I ate ribs today for lunch. I am made of a rib, yours. Did I tell you that I was eating your ribs? I hated staring at myself in them, their dainty shape poking through your skin.
Was I meant to be molded the same as these sisters? Only made to be part of you—delicate, petite, holding you together. I had to get rid of them somehow.
I pulled the small bones from your body as you slept and then swallowed the meat on them, whole.
It was delicious.
I was left with the small bones, which had structured your very center. I grabbed the mortar and pestle next to me and ground them into a fine dust. I sprinkled them on the dust and molded this bone and dust into my image and likeness.
I gently placed small sticks in the cavity I had made in you in order to replace the ribs I had stolen. Then I sewed you up and hid behind a tree in the distance.
When you awoke, you fell in love with my own creation and propagated a nation while I was free to roam the earth and dive deep into the sea.
Bits and Pieces
She keeps herself in jars. Cuts out bits and pieces as she sees fit and places them into the jars for analysis and research. She has seen these bits of tissue double themselves under the right circumstances. She thinks this might give her a chance to rebuild, become a categorically new and different person. She knows this is necessary.
There is no way to continue on as who she has been. Her body is infected by a plethora of the wrong kinds of experiences. She wants to live on newly—in a body people would recognize, but she would know had no connection to the pressures, violences, and violations that live in her. If she can erase the pressure of hands holding her hips down or the sound of heavy breathing, grunting in her ears, life might feel less hopeless, she thinks.
She became fascinated with this possibility on a whim when she first decided to place a flap of skin from a fresh wound in a jar. She only thought to observe her body in a different, deconstructed way—to see if it were possible to even associate this tiny bit of herself as ever having been part of her. But instead she noticed it had replicated itself by the next morning. She began cutting off bits of herself to see what factors aided in this replication.
At first, she only cut off other pieces of skin—some from her upper arm, her stomach, her thigh—but as she took notes and narrowed in on the environmental requirements of these small clonings (the body had to be cut and preserved at night, left to sit at least five hours without ever looking at it, it couldn’t be raining, etc., etc.) she became more bold. Her pinky toe, her left ear, her right breast. She becomes more and more lopsided, but her replicated parts glisten perfectly in the jars she places on the windowsill, reflecting the moonlight.
Once she collects enough, she will start to sew them all back together, using her new hands. New hands that had never touched another human being will first delicately bring her fragments together into a person worth considering as a whole. She cuts out her tongue, places it lovingly in a new jar and seals it shut. She is nearing the end. Each part of her is labeled on the jar, meticulously typed and printed using the label-maker she bought when she started the whole process. She removes the old pieces each morning and throws them away in a dumpster down the street, in hopes of avoiding suspicion. She wouldn’t want to mistake the old for the new. She knows it is a delicate process, and it hinges on a minuscule probability that everything will work as she anticipates. There is little besides the torso, arms, hands, and head left on her old body. This is the difficult part, she knows. This will take faith.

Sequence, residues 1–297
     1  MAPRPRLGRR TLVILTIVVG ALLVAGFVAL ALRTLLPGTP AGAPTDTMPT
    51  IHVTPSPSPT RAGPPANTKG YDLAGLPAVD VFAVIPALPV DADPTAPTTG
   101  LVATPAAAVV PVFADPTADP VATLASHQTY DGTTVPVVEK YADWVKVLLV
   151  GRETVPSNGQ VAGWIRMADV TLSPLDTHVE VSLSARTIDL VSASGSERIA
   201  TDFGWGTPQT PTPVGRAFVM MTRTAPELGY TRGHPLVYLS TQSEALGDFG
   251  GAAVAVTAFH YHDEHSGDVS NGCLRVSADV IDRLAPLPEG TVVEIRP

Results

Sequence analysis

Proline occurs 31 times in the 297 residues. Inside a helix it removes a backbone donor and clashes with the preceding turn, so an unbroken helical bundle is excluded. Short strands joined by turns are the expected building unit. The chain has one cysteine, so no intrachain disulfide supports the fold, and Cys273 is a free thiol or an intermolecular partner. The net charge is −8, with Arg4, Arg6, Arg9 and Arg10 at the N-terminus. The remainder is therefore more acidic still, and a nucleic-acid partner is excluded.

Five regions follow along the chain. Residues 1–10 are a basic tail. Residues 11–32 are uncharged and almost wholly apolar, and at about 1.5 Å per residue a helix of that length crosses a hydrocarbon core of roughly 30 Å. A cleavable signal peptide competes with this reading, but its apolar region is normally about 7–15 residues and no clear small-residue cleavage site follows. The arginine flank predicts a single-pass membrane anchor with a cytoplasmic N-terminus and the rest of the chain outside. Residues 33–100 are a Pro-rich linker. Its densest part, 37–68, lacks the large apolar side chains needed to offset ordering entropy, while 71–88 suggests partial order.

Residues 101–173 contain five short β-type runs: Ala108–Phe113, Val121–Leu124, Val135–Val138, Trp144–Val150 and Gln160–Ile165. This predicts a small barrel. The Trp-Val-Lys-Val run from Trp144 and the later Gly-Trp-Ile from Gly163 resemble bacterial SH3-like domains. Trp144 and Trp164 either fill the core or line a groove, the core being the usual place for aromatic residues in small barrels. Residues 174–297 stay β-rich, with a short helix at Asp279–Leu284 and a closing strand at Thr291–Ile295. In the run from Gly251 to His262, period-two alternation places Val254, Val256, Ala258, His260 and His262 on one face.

Over the course of several weeks she cuts away small bits from her stomach, labeling them exactly, drawing diagrams. She cuts off her nose, her mouth. She manages to pop out her eyes. The morning after, her new eyes open and she sees the remaining arms, upper chest, neck, and head propped up against a chair by the window, through the glass of the jar. Everything is elongated, smudged, distorted—but she is unfazed by the state of herself. This is how she has felt for years anyway. Now is the time when she will finally become whole. Her right arm saws her left off.
She ordered three comically large-sized jars off the Internet for this day and the next. The kind of jar that a company would fill with jellybeans and have its employees guess the number to win some vacation days or a gift card to a local chain restaurant. Her new eyes watch as the left arm is placed in one of these jars and sealed shut. The remaining arm saws off the head. She expects blackness, but her new body is indeed entirely separate, merely waiting to be put together, so she witnesses the remaining arm and upper chest place the head and neck in the second large jar, sealed shut. Her new mouth smiles in its respective jar. Tomorrow, it will all come together.
T. A. Stanley lives in Brooklyn and is doing her best to get by while she writes short stories surrounding the experience of trauma and her relationship to womanhood. She has been published in The Atlas Review, Crack the Spine Literary Journal, The Bookends Review, Belleville Park Pages, and Anamesa: An Interdiscplinary Journal among others. Her work is forthcoming in Paper Darts. You can follow her on twitter and instagram @ladytstanz or at her website tastanley.squarespace.com.